When you base your life on the Gohonzon, your life will be neither frustrated nor led into an impasse, and you will naturally receive all the benefits which would ensue from the practice of the six paramitas. A human life which becomes one with the Mystic Law through chanting also simultaneously comes into perfect harmony with the great cosmic life, and this invigorated life will turn all obstacles into springboards for growth and dynamically change negative situations into positive ones.
All our behaviors are oriented in the right direction so that they can manifest themselves as the intrinsic workings of our essential life --- Nam-myoho-renge-kyo. A passage of the Gosho reads: "Nam-myoho-renge-kyo is like the roar of a lion. What sickness can therefore be an obstacle? . . . Wherever your daughter may frolic or play, no harm will come to her; she will be free from fear like the lion king." This passage implies the life-condition of the original Buddha, but even we ordinary people will eventually be able to attain the same state of mind if we continue to practice faith on the basis of the Gohonzon. This is what is meant by "you will naturally receive the benefits of the six paramitas."
The late president Josei Toda said, "In order to help people achieve the unrestricted state of mind that will allow them to live as they wish in the great ocean of benefits, I will fight, donning the robe of forbearance and wielding the sword of compassion." I pray that you will all construct your lives so that you can derive great benefits and deep satisfaction.
The Teaching of Perfect Endowment
The Hoben chapter of the Lotus Sutra says: "They wish to hear the teaching of perfect endowment." The Nirvana Sutra states: "Sad indicates perfect endowment." Bodhisattva Nagarjuna comments: "Sad signifies six." The Daijo Shiron Gengi Ki (Annotation of the Four Mahayana Theses) states: "Sad connotes six. In India the number six implies perfect endowment." In his annotation of the Lotus Sutra, Chia-hsiang writes, "Sad means perfect endowment." The Great Teacher T'ien-t'ai remarks: "Sad is a Sanskrit word, which is translated as myo."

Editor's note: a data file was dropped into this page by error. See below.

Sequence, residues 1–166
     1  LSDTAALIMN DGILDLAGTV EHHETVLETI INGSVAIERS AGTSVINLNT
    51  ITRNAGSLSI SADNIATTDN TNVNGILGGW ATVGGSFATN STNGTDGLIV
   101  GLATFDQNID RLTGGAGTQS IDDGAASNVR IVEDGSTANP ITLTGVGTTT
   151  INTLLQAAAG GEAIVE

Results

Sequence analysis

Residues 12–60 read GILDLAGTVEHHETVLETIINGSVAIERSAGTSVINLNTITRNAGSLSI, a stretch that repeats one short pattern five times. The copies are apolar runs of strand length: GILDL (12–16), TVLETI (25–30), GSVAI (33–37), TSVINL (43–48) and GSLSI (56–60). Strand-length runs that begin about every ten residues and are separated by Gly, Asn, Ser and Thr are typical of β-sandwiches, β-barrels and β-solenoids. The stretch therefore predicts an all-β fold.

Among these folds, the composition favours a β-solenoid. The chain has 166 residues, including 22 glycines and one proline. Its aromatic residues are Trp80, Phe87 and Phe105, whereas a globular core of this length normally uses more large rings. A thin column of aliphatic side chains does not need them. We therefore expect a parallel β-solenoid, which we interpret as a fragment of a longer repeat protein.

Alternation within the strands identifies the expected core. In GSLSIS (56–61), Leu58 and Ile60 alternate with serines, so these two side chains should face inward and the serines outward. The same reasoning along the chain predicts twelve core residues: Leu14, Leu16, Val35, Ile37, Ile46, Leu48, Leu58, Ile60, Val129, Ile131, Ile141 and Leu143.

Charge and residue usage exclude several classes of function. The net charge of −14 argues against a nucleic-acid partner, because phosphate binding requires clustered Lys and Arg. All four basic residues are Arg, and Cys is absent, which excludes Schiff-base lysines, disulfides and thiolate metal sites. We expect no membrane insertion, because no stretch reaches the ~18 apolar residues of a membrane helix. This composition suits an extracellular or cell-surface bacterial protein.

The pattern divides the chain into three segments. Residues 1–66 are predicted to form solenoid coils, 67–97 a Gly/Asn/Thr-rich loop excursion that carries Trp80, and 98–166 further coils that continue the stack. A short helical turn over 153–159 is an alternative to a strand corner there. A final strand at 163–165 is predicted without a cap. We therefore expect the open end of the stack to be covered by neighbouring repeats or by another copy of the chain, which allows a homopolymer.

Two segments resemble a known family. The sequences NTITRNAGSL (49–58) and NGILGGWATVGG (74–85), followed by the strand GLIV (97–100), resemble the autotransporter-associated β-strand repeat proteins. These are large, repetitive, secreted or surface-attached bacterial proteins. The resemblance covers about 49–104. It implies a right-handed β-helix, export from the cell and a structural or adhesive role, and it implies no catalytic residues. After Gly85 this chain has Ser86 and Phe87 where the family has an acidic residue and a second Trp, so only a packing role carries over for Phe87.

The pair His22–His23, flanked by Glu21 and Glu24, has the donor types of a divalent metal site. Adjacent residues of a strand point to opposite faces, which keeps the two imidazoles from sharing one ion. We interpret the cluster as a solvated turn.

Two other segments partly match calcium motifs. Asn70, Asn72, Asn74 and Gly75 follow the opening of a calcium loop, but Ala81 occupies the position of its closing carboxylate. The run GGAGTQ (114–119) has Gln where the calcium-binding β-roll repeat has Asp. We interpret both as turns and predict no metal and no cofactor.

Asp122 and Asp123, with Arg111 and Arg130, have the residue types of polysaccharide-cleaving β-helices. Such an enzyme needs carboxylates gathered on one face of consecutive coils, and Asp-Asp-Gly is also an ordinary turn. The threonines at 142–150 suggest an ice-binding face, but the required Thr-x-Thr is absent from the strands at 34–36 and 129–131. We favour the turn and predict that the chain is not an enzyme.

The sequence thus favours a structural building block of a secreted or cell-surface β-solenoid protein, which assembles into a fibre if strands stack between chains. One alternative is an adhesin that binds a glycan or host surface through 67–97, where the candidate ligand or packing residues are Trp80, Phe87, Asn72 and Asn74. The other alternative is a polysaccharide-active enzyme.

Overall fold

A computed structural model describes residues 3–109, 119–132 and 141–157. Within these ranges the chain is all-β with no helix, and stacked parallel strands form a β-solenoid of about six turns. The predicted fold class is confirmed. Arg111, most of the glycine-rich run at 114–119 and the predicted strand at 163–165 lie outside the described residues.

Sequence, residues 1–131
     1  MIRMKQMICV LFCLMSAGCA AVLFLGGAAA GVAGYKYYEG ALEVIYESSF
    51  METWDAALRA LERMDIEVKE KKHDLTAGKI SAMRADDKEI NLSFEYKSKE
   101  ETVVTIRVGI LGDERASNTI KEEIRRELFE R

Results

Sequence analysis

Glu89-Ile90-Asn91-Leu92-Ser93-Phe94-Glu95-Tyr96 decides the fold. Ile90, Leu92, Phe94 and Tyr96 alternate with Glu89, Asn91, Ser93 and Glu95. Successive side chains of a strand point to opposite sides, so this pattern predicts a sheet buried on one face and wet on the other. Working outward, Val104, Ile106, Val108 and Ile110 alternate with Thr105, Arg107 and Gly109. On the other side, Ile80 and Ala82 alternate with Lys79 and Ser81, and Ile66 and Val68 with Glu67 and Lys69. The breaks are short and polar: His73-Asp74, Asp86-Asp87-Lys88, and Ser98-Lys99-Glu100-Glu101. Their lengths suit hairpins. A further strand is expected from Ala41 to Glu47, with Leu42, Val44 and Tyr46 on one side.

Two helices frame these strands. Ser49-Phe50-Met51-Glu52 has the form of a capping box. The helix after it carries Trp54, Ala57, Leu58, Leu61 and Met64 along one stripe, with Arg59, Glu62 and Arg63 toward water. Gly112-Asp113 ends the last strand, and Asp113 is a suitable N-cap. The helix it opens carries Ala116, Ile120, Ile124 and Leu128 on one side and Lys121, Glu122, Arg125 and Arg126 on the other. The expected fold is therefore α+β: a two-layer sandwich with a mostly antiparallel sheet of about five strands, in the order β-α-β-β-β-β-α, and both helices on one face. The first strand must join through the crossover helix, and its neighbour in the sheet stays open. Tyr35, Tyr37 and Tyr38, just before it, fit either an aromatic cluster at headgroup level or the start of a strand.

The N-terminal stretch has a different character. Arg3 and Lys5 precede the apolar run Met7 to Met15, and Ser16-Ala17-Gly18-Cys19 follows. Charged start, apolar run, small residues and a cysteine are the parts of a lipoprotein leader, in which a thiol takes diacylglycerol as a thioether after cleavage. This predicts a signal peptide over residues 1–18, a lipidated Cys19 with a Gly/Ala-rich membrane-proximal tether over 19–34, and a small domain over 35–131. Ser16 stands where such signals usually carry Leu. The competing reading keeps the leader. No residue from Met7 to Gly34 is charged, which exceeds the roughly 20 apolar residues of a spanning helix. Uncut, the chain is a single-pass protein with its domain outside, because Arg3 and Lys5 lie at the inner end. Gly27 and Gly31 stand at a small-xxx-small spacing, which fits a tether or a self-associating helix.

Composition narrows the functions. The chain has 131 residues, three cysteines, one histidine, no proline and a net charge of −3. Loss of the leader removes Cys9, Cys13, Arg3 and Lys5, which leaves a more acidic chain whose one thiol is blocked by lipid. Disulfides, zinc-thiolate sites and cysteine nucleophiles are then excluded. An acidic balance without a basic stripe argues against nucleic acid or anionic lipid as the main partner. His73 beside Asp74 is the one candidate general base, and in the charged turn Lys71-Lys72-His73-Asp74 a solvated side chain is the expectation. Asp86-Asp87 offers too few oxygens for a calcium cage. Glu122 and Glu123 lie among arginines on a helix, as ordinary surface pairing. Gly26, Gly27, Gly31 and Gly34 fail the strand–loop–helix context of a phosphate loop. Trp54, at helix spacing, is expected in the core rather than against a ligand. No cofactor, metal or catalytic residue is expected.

In this passage Nichiren Daishonin expands on the preceding sentence quoted from the Muryogi Sutra. Here he refers to sentences from sutras, treatises and annotations to demonstrate how the Gohonzon, the embodiment of Nam-myoho-renge-kyo, possesses in itself all practices and their resulting virtuous effects.
The quotation from the Lotus Sutra refers to the question which Shariputra, representing the audience, asked the Buddha. In answer, the Buddha explained the purpose of a Buddha's advent in this world --- to open and reveal the Buddha-wisdom, for the sake of all people, and then to let them realize that wisdom and enter the state of Buddhahood. This means precisely to let people attain the law of the supreme vehicle. The Lotus Sutra in its entirety reveals this law, which is Myoho-renge-kyo. The entity of "the teaching of perfect endowment" Shariputra asked about is, therefore, Myoho-renge-kyo.
The Daishonin devotes the rest of the passage to the Sanskrit word sad, translated as myo of Myoho-renge-kyo, meaning endowment and the number six. The title of the Lotus Sutra reads Saddharma-pundarika-sutra in Sanskrit, and Kumarajiva translated it as Myoho-renge-kyo. Nichiren Daishonin interprets Nam-myoho-renge-kyo in his Ongi Kuden: "In Sanskrit it reads Saddharma-pundarika-sutra, which is translated here as Myoho-renge-kyo. Sad is myo, dharma ho, pundarika renge, and sutra kyo."